|Full name||Plymouth Argyle Football Club|
|Founded||1886, as Argyle F.C.|
|Owner||Simon Hallett (94%)|
|2018–19||League One, 21st of 24 (relegated)|
Plymouth Argyle Football Club is a professional football club based in the city of Plymouth, Devon, England. The team competes in League Two after being relegated from League One in the 2018–19 season. They have played at Home Park, known as the "Theatre of Greens", since 1901. Argyle are one of two Devon clubs who compete in the Football League, the other being Exeter City, Argyle's local rivals.
The club takes its nickname, "The Pilgrims", from an English religious group that left Plymouth for the New World in 1620. The club crest features the Mayflower, the ship that carried the pilgrims to Massachusetts. The club has predominantly played in green and white throughout their history, with a few exceptions in the late 1960s and early 1970s when white was the colour of choice. A darker shade of green, described as 'Argyle green', was adopted in the 2001-02 season, and has been used ever since. The city of Plymouth is the largest in England never to have hosted top-flight football. They are the most southerly and westerly League club in England and the only professional club named Argyle.
Originally founded simply as Argyle in 1886, the club turned professional and entered both the Southern League and Western League as Plymouth Argyle in 1903. They won the Western League title in 1904–05 and the Southern League title in 1912–13, before winning election into the Football League Third Division in 1920. Finishing as runners-up on six consecutive occasions, they eventually won promotion as Third Division South champions under the long-serving management of Bob Jack in 1929–30. A 20-year stay in the Second Division ended in 1950, though they returned again as Third Division South champions in 1951–52. After another relegation in 1956 they again proved too strong for the third tier, winning the Third Division title not long after in 1958–59.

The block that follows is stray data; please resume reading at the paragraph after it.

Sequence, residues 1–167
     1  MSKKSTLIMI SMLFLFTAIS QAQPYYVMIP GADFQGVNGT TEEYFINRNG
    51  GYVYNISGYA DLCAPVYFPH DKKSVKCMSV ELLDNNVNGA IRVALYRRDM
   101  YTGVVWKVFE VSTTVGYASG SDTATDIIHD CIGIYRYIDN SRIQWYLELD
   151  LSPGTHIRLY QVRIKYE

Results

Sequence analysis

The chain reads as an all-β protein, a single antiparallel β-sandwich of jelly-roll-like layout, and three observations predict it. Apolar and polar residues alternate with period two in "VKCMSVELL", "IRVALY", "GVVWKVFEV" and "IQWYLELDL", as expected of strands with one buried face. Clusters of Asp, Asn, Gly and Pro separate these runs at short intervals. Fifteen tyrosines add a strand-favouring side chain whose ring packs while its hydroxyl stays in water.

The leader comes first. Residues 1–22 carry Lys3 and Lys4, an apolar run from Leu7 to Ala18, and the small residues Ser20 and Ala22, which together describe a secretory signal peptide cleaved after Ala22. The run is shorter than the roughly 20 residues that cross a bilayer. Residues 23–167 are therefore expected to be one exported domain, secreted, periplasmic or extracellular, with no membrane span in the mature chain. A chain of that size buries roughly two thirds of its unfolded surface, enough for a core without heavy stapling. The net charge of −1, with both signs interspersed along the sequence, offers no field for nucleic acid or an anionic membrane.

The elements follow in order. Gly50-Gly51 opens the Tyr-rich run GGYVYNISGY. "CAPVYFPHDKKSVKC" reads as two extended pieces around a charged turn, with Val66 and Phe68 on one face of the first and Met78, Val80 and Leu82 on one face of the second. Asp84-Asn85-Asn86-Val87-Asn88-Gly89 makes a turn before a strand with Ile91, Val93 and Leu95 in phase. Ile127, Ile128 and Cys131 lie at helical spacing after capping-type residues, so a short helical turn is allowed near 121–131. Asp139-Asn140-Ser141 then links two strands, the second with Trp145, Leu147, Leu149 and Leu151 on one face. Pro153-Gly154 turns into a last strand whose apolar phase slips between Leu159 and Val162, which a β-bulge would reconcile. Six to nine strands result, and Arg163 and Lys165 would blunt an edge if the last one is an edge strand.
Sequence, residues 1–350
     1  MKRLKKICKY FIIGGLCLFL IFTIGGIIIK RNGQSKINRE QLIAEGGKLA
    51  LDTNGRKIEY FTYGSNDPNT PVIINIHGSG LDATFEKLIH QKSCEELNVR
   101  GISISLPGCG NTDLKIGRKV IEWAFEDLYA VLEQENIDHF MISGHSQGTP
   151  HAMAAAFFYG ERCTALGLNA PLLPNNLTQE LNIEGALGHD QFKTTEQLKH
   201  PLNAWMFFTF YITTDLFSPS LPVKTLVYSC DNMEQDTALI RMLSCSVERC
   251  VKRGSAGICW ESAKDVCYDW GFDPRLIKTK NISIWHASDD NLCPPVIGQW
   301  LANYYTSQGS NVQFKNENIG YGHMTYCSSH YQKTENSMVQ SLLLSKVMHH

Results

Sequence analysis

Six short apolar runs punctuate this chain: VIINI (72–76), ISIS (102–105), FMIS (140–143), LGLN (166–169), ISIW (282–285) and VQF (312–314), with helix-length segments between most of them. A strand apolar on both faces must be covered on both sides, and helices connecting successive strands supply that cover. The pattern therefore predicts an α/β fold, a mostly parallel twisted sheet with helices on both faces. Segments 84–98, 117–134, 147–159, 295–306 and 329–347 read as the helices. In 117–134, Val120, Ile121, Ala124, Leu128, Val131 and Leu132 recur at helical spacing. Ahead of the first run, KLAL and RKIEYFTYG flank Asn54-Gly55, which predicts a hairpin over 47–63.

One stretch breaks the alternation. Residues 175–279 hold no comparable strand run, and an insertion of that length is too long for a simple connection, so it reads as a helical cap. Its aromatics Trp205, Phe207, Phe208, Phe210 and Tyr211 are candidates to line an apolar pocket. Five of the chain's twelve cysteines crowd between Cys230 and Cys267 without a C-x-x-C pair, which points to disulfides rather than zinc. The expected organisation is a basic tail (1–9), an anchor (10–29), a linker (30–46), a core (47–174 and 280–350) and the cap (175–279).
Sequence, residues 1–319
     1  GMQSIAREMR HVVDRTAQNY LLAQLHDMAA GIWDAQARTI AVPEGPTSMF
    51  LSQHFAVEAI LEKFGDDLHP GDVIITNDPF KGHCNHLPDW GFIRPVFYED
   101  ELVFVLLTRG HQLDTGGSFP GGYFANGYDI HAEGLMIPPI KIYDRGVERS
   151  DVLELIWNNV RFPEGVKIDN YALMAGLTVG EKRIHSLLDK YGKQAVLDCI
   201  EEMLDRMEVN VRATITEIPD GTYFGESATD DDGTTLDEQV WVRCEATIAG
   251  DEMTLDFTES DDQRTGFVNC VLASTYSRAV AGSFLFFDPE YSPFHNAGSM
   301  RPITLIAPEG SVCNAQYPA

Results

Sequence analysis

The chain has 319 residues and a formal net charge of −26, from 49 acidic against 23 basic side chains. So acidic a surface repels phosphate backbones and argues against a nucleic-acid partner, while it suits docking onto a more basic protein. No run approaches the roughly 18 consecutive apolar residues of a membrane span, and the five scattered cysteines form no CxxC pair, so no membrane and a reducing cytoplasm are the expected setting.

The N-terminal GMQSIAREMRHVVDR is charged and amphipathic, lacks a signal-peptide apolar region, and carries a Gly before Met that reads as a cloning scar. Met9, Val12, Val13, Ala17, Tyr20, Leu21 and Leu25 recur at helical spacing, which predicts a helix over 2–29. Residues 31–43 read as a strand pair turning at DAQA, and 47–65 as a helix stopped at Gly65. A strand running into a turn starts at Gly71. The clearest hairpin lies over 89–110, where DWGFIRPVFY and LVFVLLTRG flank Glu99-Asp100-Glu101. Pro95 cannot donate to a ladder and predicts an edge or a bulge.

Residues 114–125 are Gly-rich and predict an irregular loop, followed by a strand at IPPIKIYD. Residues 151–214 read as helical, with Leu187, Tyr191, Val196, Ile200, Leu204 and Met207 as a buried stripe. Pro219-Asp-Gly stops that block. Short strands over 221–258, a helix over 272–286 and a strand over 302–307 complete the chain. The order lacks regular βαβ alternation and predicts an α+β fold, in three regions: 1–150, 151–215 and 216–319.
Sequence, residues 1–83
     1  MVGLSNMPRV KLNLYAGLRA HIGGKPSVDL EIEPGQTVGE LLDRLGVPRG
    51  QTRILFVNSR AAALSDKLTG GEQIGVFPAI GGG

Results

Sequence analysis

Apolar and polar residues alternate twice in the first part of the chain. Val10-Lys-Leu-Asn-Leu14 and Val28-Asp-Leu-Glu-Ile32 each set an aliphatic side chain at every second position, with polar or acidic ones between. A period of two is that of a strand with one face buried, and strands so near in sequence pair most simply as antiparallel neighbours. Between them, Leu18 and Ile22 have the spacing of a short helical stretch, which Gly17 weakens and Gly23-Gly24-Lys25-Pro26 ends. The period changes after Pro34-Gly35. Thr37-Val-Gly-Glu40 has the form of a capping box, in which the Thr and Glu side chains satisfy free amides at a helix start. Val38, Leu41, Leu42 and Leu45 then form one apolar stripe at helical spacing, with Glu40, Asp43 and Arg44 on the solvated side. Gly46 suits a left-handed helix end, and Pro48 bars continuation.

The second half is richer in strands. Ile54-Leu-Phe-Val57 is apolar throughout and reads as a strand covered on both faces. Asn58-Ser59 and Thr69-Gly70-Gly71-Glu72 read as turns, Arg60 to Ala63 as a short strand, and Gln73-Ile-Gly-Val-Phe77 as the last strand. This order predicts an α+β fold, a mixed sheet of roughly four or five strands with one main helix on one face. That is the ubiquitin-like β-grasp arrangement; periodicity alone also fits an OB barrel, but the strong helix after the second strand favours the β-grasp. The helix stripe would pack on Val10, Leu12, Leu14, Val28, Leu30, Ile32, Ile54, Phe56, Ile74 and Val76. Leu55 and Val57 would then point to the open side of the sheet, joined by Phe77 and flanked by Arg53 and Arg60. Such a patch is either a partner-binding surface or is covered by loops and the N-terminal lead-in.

Argyle were relegated out of the Second Division in 1968, 1977 and 1992, having won promotion out of the Third Division as runners-up in 1974–75 and 1985–86. They were relegated into the fourth tier for the first time in 1995, and though they would win immediate promotion in 1995–96, they were relegated again in 1998. Promoted as champions under Paul Sturrock with 102 points in 2001–02, they secured a record fifth third tier league title in 2003–04, and would remain in the Championship for six seasons until administration and two successive relegations left them in League Two by 2011. Argyle were promoted in 2016–17, though were relegated out of League One in 2019.
- 1 Name
- 2 History
- 3 Stadium
- 4 Rivalries
- 5 Players
- 6 Club officials
- 7 Honours